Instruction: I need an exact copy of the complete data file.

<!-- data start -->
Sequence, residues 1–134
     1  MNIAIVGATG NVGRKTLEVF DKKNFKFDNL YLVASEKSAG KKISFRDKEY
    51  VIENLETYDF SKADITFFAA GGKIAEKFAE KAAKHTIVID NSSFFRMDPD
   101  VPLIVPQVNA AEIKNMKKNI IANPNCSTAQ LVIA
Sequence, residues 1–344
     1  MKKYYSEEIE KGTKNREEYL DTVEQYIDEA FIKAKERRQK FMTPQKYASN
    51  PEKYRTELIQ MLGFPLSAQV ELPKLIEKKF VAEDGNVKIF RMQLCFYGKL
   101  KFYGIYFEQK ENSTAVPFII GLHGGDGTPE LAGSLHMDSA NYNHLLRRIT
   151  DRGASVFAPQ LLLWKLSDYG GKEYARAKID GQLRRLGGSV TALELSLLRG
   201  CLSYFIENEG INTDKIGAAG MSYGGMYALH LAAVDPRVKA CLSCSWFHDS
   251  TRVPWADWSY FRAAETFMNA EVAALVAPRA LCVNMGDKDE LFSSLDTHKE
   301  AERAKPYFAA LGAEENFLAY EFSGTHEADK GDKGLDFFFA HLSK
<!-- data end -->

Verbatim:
Sequence, residues 1–134
     1  MNIAIVGATG NVGRKTLEVF DKKNFKFDNL YLVASEKSAG KKISFRDKEY
    51  VIENLETYDF SKADITFFAA GGKIAEKFAE KAAKHTIVID NSSFFRMDPD
   101  VPLIVPQVNA AEIKNMKKNI IANPNCSTAQ LVIA
Sequence, residues 1–344
     1  MKKYYSEEIE KGTKNREEYL DTVEQYIDEA FIKAKERRQK FMTPQKYASN
    51  PEKYRTELIQ MLGFPLSAQV ELPKLIEKKF VAEDGNVKIF RMQLCFYGKL
   101  KFYGIYFEQK ENSTAVPFII GLHGGDGTPE LAGSLHMDSA NYNHLLRRIT
   151  DRGASVFAPQ LLLWKLSDYG GKEYARAKID GQLRRLGGSV TALELSLLRG
   201  CLSYFIENEG INTDKIGAAG MSYGGMYALH LAAVDPRVKA CLSCSWFHDS
   251  TRVPWADWSY FRAAETFMNA EVAALVAPRA LCVNMGDKDE LFSSLDTHKE
   301  AERAKPYFAA LGAEENFLAY EFSGTHEADK GDKGLDFFFA HLSK